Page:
But those are already illegal in the United States. Harris is speaking about semi-automatic weapons, which have been at the center of events such as the Vegas and Parkland shootings.
Even if she was speaking of just the rifles alone, logic would follow that a (God forbid) President Harris would then look at banning semi-automatic handguns, as the vast majority of gun crime is committed with guns in that group.
Daily Wire Editor-in-Chief Ben Shapiro also concurs, writing this week that “Harris embraced a full-scale ban on semi-automatic weapons.”
Let’s hold aside how flagrantly unconstitutional such a proposal would be, on Second Amendment grounds. The twin landmark Supreme Court decisions of District of Columbia v. Heller (2008) and McDonald v. City of Chicago (2010) secured the Second Amendment as an individual right against which both the federal government (Heller) and state governments (McDonald) cannot infringe.
But as flagrantly unconstitutional as such a full-on semi-automatic gun ban would be, it would be even more egregious as policy. Truly, if pursued to its logical conclusion, it cannot be emphasized enough how radical a full ban on all semi-automatic weapons would be. To do that would be to limit the citizenry to only being able to own guns that do not automatically reload a new round into the firing chamber upon the discharge of a round. In other words, we would pretty much only be able to purchase certain types of revolvers, pump-action or break-action shotguns, and bolt-action rifles.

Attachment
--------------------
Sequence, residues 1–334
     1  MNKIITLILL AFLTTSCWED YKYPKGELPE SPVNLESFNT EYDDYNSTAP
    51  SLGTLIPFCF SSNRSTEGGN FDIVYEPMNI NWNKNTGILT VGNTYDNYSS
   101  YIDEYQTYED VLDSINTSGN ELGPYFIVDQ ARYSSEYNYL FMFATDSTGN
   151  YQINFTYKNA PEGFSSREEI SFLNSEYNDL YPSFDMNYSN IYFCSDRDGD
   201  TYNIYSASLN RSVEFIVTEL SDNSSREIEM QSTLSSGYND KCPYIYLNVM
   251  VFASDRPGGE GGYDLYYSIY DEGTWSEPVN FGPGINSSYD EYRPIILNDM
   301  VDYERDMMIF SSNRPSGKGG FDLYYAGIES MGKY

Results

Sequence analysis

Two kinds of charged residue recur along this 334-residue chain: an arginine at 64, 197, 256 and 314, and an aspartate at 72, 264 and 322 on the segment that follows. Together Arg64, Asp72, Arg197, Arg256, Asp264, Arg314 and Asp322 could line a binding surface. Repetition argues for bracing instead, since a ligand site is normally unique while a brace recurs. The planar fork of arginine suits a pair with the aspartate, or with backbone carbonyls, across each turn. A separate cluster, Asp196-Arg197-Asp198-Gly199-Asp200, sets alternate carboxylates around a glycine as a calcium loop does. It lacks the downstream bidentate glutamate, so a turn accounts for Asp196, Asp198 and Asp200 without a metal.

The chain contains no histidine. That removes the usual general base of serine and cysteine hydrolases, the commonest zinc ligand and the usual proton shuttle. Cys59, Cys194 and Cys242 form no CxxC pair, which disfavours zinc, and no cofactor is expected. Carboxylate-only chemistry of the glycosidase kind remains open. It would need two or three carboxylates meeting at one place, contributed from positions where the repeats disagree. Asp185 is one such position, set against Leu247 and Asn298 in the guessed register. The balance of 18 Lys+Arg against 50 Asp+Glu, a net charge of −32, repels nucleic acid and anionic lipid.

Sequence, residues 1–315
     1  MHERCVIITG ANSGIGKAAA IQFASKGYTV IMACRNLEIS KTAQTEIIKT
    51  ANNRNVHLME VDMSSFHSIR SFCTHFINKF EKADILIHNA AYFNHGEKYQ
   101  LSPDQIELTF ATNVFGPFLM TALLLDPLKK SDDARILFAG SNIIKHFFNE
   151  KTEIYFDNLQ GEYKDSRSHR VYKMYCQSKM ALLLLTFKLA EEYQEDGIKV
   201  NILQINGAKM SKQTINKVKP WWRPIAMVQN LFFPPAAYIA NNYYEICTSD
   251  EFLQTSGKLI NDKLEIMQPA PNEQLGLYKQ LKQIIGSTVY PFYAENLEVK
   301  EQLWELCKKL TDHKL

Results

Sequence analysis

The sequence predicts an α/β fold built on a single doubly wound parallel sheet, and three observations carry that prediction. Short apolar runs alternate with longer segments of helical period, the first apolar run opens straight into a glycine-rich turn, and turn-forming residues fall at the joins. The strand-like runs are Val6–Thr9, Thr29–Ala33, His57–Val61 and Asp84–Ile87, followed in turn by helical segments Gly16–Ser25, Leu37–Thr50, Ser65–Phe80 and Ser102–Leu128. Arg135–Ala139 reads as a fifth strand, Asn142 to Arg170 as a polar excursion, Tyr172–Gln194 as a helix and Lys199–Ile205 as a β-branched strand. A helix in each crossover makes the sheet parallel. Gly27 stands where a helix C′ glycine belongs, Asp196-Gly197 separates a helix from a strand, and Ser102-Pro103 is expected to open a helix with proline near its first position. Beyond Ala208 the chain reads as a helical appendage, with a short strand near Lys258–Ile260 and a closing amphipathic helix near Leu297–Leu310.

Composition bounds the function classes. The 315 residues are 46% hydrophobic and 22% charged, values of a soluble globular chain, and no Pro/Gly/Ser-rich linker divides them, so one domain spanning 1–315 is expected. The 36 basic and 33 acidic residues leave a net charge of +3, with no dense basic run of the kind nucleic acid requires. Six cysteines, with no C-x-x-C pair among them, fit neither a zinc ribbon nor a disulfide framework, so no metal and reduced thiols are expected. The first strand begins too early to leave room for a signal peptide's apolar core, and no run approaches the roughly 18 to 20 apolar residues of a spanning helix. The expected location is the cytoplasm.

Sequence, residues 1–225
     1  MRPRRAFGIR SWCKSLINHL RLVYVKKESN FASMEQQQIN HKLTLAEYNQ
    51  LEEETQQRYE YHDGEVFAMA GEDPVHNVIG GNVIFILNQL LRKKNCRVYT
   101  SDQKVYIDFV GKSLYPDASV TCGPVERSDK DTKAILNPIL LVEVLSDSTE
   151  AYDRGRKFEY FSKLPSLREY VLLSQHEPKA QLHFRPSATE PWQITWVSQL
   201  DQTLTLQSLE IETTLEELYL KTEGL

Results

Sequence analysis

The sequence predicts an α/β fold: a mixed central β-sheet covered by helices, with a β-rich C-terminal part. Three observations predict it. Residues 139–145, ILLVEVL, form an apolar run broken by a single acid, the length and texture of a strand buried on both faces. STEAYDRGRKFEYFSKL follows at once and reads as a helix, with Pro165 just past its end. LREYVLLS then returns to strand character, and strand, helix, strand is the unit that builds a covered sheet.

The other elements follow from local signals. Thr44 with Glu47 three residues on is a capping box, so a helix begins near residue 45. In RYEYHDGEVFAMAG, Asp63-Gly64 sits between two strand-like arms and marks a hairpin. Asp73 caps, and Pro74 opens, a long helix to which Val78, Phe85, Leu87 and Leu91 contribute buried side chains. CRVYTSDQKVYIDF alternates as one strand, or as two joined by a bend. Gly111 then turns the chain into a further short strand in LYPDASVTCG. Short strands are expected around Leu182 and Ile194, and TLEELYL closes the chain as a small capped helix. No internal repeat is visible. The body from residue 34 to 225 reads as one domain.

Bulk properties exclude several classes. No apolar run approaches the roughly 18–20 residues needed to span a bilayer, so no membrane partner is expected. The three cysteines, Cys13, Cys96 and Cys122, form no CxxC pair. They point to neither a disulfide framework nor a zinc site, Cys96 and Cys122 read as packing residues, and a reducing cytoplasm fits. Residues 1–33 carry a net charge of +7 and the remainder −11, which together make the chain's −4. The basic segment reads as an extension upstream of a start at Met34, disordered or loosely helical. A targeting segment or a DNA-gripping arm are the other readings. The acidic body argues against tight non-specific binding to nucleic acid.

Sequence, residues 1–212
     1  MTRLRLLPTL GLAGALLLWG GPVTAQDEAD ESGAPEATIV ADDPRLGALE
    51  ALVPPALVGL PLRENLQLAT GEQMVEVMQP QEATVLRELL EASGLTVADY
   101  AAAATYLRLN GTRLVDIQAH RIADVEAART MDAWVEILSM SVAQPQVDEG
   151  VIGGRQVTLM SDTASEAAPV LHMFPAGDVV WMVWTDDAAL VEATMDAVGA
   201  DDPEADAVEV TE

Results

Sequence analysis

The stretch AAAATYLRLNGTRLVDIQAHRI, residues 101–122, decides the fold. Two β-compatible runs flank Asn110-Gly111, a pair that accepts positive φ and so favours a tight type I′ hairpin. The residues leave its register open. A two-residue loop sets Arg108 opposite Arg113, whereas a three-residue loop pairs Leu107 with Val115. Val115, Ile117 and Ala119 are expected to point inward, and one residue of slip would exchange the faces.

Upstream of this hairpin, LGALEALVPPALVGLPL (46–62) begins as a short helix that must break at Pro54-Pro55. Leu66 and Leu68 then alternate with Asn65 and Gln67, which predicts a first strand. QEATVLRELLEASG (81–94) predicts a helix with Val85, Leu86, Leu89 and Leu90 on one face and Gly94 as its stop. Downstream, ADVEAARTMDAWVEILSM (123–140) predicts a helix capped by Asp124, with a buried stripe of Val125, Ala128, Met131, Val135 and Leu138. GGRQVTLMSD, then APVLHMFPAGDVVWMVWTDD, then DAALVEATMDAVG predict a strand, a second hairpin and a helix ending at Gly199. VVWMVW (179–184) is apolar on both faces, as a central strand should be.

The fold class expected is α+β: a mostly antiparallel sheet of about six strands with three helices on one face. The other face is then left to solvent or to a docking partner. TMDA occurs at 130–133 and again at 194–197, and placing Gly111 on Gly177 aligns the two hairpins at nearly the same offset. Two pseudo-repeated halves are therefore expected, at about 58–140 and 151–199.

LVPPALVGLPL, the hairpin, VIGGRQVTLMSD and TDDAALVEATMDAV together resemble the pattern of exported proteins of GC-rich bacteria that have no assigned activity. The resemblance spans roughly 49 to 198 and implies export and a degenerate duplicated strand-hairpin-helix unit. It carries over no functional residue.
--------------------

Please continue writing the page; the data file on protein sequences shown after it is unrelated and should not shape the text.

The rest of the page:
Will the Left next try to limit us to purchasing Revolutionary War-era single-shot muskets?
A well-reasoned rough estimate of semi-automatic weapons in circulation in America, as a fraction of the total percentage of all weapons in circulation in America, is one-third. In other words, if a hypothetical President Harris were to try to enact not merely a total ban of all semi-automatic weapons, but also full-on gun buyback of all of them (again, hold aside the Takings Clause constitutional roadblock and the sheer cost this would entail), she would have to confiscate well over one hundred million firearms.
This. Is. Crazy. Talk.
The Second Amendment is not merely, post-Heller and McDonald, secured in our body politic and legal system as an individual right. The Second Amendment is also inherently moral — it is a mere extension of the God-given natural right to self-defense. As then-Judge Alex Kozinski (a son of Holocaust survivors) of the U.S. Court of Appeals for the Ninth Circuit noted in a 2003 dissent from a denial to rehear a case en banc, the Second Amendment is a “doomsday provision” protecting against a fatal mistake that “a free people get to make only once”: